Ancient Nubia, when it is studied at all, is often treated as Egypt's poor cousin. While Egypt undoubtedly had a large influence on several of the cultures of Nubia, this myopia seriously underestimates the value to be gained in approaching Nubia on its own terms. With a cultural and ecological history quite distinct from its northern neighbor, Nubia affords a fresh chance to look at topics as widely divergent as the relationship between ceramics and food production in the development of the Neolithic, to the construction of personal and group identity in a religiously diverse society on the far edge of Mediterranean empires. In this class we will study Nubian archaeology over more than 7000 years. Moving chronologically, we will approach selected topics through original excavation reports, secondary analyses, and theoretical viewpoints.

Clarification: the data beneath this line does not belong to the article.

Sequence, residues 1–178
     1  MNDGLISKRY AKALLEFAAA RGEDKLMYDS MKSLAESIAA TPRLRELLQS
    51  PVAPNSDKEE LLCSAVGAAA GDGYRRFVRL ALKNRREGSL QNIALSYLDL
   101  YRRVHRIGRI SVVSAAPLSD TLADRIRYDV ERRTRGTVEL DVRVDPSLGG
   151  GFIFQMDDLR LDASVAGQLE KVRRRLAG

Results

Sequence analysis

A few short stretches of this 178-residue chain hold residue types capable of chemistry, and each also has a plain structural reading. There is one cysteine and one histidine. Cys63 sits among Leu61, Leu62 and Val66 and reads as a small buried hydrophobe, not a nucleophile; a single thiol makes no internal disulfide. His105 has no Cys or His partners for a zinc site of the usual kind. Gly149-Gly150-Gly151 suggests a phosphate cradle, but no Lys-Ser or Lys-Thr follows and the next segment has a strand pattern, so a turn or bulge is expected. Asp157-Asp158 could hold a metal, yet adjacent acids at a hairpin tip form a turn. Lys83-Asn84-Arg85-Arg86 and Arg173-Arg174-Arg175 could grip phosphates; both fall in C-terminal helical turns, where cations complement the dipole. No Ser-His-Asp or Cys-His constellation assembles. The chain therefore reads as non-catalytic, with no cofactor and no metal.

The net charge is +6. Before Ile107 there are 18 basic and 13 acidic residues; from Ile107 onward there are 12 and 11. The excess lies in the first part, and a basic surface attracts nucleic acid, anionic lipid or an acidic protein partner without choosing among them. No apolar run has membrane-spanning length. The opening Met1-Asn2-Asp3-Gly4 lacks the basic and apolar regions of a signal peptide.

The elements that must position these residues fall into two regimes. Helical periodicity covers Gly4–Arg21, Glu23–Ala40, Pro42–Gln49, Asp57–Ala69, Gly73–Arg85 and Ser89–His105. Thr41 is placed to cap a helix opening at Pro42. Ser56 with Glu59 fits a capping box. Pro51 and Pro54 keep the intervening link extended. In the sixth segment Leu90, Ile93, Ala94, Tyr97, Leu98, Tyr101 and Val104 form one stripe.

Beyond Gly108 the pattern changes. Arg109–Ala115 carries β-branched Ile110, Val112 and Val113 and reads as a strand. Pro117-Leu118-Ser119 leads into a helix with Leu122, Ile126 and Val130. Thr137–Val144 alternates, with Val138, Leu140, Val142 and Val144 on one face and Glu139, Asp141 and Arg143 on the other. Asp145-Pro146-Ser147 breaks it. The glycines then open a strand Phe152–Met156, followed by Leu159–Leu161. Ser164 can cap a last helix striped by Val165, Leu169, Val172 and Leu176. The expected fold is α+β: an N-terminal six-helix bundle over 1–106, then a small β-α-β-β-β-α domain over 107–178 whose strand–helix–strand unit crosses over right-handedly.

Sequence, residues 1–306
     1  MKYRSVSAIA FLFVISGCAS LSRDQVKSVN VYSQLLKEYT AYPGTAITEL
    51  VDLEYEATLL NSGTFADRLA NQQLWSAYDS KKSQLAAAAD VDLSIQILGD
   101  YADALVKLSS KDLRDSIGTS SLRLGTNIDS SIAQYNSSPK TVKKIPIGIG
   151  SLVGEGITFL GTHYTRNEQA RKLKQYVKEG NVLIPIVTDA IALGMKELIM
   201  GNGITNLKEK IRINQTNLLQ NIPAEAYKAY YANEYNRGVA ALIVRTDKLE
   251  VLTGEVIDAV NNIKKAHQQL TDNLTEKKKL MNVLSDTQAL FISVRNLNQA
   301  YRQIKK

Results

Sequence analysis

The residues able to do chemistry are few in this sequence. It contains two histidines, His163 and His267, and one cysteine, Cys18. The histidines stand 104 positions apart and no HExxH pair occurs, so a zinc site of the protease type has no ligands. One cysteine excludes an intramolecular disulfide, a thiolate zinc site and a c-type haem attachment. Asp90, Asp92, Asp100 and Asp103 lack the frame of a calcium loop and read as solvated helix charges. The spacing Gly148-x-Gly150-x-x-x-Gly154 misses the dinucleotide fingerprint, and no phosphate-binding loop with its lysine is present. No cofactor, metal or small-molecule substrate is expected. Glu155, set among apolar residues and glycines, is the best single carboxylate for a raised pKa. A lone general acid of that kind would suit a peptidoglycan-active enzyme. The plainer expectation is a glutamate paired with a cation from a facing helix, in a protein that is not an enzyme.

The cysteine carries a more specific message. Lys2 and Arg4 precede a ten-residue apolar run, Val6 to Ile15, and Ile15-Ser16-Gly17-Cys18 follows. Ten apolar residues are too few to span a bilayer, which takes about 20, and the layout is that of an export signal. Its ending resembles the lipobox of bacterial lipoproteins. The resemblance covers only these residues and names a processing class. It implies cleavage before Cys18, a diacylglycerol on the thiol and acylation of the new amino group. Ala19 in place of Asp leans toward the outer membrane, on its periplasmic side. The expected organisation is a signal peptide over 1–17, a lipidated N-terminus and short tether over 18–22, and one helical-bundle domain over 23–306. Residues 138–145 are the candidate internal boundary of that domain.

Rhode Island Hall 008
Laurel Bestock: Rhode Island Hall 209, Office Hours Tuesday 10-noon